Nigerians’ appetite for processed food has increased, spending over N508 billion on processed food imports in H1 2021. This is according to data released by the National Bureau of Statistics.
Nigeria spent over N508 billion in H1 2021 on the importation of processed food mainly for households, contributing 3.5% to the total imports recorded in the review period.
This is more than what the country spent in the whole of 2019, which was about 444 billion. The amount of imported processed food in the six month period already trails the 686 billion seen in 2020, indicative of an increased appetite for processed food.
The demand for industrially processed food has also seen a similar hike, with 2021 half-year import standing at N541 billion, contributing 3.57% to the total imports. The import expense surpassed the N393 billion spent in 2019. Meanwhile, Nigeria imported N767 billion worth of industrially processed food in 2020 while 2021 is still poised to maintain this upward trend.
Nigeria exported total products worth N7.99 trillion during the review period, while importing total merchandise worth N13.8 trillion, resulting in a trade balance of -N5.81 trillion between January and June 2021.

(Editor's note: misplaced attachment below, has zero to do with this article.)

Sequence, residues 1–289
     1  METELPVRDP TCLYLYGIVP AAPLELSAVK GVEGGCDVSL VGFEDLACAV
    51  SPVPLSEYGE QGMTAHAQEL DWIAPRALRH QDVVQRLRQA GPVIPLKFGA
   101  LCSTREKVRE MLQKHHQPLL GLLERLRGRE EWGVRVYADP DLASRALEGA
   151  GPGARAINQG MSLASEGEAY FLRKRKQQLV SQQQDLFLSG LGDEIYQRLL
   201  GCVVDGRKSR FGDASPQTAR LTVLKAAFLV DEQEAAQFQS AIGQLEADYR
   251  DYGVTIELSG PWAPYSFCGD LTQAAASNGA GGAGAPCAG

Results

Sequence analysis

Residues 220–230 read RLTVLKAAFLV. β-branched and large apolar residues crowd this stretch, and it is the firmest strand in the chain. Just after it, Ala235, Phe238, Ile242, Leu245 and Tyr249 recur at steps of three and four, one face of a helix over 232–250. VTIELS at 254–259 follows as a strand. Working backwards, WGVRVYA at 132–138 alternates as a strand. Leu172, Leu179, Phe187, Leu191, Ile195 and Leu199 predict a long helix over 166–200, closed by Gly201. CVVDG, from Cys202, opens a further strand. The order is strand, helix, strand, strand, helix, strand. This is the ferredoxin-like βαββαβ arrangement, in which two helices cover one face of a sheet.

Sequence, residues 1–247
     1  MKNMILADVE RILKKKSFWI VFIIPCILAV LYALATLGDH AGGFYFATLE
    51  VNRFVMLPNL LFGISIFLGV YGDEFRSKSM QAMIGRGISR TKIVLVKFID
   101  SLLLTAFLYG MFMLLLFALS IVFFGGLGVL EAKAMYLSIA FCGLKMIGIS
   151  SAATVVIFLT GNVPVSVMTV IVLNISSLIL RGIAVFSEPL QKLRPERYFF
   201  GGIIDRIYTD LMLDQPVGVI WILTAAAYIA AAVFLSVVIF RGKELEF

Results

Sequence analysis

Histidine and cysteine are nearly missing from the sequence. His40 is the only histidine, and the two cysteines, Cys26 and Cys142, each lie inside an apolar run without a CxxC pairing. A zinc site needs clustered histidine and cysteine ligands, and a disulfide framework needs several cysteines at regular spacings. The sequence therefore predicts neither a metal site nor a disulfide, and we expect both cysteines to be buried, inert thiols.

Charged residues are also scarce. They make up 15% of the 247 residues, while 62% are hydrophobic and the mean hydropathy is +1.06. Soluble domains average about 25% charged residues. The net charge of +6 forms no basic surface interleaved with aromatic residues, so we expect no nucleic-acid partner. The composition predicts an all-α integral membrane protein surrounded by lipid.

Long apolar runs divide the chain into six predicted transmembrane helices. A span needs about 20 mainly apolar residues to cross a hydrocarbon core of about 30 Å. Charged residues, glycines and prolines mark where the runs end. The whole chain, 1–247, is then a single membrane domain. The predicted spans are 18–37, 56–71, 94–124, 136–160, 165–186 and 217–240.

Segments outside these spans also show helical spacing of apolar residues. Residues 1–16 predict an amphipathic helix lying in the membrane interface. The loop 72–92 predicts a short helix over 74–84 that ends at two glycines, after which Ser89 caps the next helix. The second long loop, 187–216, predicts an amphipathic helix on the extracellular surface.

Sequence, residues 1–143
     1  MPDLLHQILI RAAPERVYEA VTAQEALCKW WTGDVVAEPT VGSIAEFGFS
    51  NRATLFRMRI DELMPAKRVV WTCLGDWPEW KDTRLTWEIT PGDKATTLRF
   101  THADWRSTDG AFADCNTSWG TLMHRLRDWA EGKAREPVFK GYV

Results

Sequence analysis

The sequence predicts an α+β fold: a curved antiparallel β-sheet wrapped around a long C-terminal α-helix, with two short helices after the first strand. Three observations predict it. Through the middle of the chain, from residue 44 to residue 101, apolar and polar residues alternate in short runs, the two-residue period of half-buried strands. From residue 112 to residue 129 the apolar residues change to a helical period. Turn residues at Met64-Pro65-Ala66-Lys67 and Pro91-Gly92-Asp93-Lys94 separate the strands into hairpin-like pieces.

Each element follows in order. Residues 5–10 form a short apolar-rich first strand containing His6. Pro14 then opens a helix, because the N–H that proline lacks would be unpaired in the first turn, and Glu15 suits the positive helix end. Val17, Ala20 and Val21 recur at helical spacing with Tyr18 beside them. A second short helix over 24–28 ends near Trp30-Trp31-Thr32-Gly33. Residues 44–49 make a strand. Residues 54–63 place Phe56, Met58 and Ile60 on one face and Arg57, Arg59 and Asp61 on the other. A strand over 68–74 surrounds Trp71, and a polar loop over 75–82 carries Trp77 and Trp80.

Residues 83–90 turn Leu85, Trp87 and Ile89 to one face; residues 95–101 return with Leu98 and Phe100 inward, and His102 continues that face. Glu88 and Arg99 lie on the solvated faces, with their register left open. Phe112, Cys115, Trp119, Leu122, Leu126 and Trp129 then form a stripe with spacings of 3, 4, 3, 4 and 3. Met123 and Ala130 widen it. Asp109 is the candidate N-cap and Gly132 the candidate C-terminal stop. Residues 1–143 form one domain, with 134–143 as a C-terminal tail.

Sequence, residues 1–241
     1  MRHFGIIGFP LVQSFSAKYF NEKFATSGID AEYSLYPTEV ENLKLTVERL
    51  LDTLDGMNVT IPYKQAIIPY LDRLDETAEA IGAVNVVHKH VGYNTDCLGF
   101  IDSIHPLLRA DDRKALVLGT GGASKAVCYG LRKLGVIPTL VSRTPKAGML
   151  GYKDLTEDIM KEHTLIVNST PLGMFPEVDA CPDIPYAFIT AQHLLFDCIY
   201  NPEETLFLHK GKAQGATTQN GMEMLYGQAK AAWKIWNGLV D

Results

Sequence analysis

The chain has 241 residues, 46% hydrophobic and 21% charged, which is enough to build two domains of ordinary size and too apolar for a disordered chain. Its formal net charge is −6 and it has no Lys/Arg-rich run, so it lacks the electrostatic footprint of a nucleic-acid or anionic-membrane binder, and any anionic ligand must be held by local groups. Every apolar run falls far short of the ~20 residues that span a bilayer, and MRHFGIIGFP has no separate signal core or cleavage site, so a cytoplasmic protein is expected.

This follows prior periods of recurring trade deficits of N2.25 trillion in H1 2020 and N5.12 trillion in H2 2020. However, this is by far Nigeria’s largest trade deficit in any half-year period.
What you should know
Sugar, fat, and empty calories are commonly found in heavily processed meals. Obesity, high blood pressure, raised cholesterol, cancer, and depression have all been related to eating a lot of these items, which has long been associated to an increased risk of heart disease and early death.
The Minister of Agriculture and Rural Development, Mohammad Nanono, expressed optimism that Nigeria will stop the importation of sugar in 2022,
He said, “I am optimistic that in the next two years we don’t need to import sugar into this country because of the amount of investment made and the funds that are coming within the next two years we will meet the requirement of 1.5 million metric tonnes annually; the Dangote Group, Flour Mill Group, Bua Group will produce sugar that we need in this country.”
The CBN has made an effort to discourage the importation of goods that are likely to be manufactured in the country. In addition to the 41 foreign exchange restrictions (mainly on food), the CBN launched the Anchor Borrowers Program (ABP) in the agriculture sector to help promote domestic food production.